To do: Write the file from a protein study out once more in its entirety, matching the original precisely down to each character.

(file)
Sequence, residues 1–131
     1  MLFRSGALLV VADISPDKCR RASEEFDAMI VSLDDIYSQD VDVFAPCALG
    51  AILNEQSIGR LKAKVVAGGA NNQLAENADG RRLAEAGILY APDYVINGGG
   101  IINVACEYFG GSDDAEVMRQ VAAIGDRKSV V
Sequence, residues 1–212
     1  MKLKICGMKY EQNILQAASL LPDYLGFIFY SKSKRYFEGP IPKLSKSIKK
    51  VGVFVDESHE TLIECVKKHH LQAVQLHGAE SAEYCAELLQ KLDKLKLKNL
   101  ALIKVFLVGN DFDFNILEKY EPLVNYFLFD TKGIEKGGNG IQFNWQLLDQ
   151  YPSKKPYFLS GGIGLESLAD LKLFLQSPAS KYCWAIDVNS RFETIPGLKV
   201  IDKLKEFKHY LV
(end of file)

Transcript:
Sequence, residues 1–131
     1  MLFRSGALLV VADISPDKCR RASEEFDAMI VSLDDIYSQD VDVFAPCALG
    51  AILNEQSIGR LKAKVVAGGA NNQLAENADG RRLAEAGILY APDYVINGGG
   101  IINVACEYFG GSDDAEVMRQ VAAIGDRKSV V
Sequence, residues 1–212
     1  MKLKICGMKY EQNILQAASL LPDYLGFIFY SKSKRYFEGP IPKLSKSIKK
    51  VGVFVDESHE TLIECVKKHH LQAVQLHGAE SAEYCAELLQ KLDKLKLKNL
   101  ALIKVFLVGN DFDFNILEKY EPLVNYFLFD TKGIEKGGNG IQFNWQLLDQ
   151  YPSKKPYFLS GGIGLESLAD LKLFLQSPAS KYCWAIDVNS RFETIPGLKV
   201  IDKLKEFKHY LV